This document summarizes the chief activities and findings for “Composable... ronments: A Foundation for Building Robust Embedded Systems,” supported by...

This document summarizes the chief activities and findings for “Composable Execution Environments: A Foundation for Building Robust Embedded Systems,” supported by National Science
Foundation Award CCR-0209185, over the project’s entire duration (2002–2005). Jay Lepreau was
the PI, and most of the work was managed by co-PI John Regehr.
Our work on this project focused on solving problems created by the tension between the
need to develop embedded software as a collection of components, and the fact that the overall
acceptability of an embedded system is a multi-faceted global problem. Global system acceptability
issues include:
• ensuring freedom from concurrency errors,
• meeting real-time deadlines,
• meeting throughput requirements,
• staying within RAM and ROM limits, and
• obeying system-specific rules (no blocking in interrupt mode, etc.).
The basic technical approach of the CEE project was to combine ideas from systems and languages
in order to solve these problems. In particular, we developed tools supporting rapid creation of
high-quality embedded software from components. The target platform for essentially all of our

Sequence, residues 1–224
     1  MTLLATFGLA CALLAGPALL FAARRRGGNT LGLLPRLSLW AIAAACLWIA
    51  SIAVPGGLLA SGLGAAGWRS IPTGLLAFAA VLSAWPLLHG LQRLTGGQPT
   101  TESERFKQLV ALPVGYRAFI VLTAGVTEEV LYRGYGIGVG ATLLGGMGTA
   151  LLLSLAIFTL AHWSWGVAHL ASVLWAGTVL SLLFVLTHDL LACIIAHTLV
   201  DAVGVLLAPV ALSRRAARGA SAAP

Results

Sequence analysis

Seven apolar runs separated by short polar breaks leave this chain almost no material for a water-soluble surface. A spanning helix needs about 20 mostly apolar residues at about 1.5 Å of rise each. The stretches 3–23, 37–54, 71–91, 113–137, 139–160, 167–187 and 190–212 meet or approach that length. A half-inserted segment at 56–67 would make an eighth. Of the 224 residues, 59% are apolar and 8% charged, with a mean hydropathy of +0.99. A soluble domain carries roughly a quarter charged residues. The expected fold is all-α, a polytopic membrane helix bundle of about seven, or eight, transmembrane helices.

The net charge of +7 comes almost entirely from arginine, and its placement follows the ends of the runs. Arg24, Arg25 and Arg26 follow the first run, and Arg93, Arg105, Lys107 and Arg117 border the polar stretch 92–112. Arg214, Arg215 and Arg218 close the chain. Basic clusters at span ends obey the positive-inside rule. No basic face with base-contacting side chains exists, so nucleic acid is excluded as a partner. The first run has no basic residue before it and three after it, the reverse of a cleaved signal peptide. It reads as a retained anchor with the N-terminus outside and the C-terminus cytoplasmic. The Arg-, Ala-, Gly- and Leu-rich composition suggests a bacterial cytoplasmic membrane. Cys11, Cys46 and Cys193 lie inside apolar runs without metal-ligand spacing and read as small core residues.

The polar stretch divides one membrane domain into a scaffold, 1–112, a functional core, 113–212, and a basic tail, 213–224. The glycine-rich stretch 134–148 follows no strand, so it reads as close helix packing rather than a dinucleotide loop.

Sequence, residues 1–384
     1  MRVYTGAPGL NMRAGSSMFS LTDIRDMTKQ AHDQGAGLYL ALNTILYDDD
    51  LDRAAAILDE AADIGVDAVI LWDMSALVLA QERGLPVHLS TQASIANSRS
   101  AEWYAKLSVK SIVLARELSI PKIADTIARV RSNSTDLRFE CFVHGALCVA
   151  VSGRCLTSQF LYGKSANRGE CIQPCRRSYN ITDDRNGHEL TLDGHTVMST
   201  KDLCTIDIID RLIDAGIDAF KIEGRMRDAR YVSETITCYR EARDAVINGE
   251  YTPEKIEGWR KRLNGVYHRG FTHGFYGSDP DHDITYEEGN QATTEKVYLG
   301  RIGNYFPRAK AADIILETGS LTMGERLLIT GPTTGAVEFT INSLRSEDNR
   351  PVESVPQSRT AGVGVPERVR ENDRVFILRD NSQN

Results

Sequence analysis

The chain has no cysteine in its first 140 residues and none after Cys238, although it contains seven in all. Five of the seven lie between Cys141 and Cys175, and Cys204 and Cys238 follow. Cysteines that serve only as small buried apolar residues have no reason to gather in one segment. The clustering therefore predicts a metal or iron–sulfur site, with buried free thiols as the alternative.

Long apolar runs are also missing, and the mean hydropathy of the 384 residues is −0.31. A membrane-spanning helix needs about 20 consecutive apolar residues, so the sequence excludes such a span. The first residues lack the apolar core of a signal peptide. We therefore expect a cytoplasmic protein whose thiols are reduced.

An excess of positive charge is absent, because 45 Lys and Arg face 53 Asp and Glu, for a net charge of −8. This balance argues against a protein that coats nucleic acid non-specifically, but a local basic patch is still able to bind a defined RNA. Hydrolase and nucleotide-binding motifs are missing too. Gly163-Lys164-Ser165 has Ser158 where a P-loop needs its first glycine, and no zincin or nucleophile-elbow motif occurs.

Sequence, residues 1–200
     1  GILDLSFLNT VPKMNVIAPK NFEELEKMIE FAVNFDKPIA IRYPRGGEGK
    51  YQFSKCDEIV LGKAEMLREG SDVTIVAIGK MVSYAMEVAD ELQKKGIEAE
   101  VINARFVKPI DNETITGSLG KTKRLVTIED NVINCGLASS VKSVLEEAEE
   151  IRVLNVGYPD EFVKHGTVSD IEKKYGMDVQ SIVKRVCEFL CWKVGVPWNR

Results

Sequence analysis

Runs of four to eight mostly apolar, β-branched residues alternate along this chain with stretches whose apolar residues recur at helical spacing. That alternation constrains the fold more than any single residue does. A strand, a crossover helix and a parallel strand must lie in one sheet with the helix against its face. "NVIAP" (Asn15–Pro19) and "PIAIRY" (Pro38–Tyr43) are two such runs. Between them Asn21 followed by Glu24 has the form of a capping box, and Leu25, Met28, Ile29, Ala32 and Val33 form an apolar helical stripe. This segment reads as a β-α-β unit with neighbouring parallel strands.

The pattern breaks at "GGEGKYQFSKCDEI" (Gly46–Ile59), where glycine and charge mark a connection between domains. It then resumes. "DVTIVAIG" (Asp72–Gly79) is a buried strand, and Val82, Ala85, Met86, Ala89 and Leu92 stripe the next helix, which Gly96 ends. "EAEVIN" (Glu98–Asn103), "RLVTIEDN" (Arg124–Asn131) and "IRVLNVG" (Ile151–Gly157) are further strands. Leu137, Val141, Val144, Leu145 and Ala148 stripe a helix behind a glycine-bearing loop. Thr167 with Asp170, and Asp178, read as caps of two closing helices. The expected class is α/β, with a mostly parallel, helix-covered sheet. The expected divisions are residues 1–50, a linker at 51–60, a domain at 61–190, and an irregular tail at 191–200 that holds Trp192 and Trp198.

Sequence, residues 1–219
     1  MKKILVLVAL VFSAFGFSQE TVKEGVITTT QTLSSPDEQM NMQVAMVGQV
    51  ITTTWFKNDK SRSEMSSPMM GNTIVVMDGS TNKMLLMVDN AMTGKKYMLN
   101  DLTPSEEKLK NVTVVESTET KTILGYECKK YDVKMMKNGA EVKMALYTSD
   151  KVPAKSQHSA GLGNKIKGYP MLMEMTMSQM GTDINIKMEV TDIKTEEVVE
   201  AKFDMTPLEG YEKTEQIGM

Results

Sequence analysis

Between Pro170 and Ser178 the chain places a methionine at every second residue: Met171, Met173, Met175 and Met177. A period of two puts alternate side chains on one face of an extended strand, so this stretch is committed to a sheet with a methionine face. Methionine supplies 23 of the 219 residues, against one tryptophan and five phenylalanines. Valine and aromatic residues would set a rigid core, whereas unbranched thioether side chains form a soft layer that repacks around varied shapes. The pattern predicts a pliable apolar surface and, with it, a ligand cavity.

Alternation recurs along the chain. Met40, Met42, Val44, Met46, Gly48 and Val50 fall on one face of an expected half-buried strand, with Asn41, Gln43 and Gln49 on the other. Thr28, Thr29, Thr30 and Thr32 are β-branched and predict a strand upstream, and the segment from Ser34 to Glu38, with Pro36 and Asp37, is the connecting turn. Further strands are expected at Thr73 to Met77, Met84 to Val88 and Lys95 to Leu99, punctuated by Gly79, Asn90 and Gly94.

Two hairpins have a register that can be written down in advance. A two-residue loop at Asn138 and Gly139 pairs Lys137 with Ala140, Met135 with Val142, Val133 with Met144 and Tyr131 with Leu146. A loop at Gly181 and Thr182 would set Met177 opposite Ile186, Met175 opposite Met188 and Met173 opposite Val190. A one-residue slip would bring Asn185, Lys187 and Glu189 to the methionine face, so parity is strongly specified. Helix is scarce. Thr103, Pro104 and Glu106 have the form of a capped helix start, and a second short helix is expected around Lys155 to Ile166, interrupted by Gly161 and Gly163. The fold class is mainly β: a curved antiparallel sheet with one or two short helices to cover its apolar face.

research has been sensor network nodes: the Berkeley mica2 motes running TinyOS.
Composable Preemptive and Non-Preemptive Real-Time Scheduling
Our work required a model for scheduling real-time tasks that extended the state of the art,
supporting a flexible mix of preemptive and non-preemptive scheduling. Mixing these two kinds
of scheduling is useful because preemption permits flexible allocation of CPU time while nonpreemptive scheduling has many benefits in software engineering (since race conditions become
much more difficult to create) and efficiency. To support this model we developed two new abstractions, task clusters and task barriers that are described in our paper from RTSS 2002 [3].
Limitations of current techniques for measurement- or analysis-based estimation of worst-case
execution time (WCET) caused us to develop a way of evaluating real-time systems for their
robustness to timing faults, or tasks that run for longer than expected. In our RTSS paper [3]
we also described some theoretical results about the robustness of real-time schedules produced by
existing scheduling algorithms, and we developed algorithms for creating highly robust schedules
that are as resistant as possible to timing faults.
Finally, as part of this work we developed and released the static priority analysis kit (SPAK)
that provides an open-source implementation of all algorithms described in our paper from RTSS
Eliminating Component Overhead
Run-time overhead is often perceived to be a drawback of component-based software. We were
interested in techniques that can be used to reduce or eliminate the performance overhead of components. To this end we extended an existing tool developed by the Flux group, the flattener, a
cross-module inlining tool, in order to permit it to accept an externally-specified list of inlining decisions. We have successfully increased the performance of some large programs using the flattener,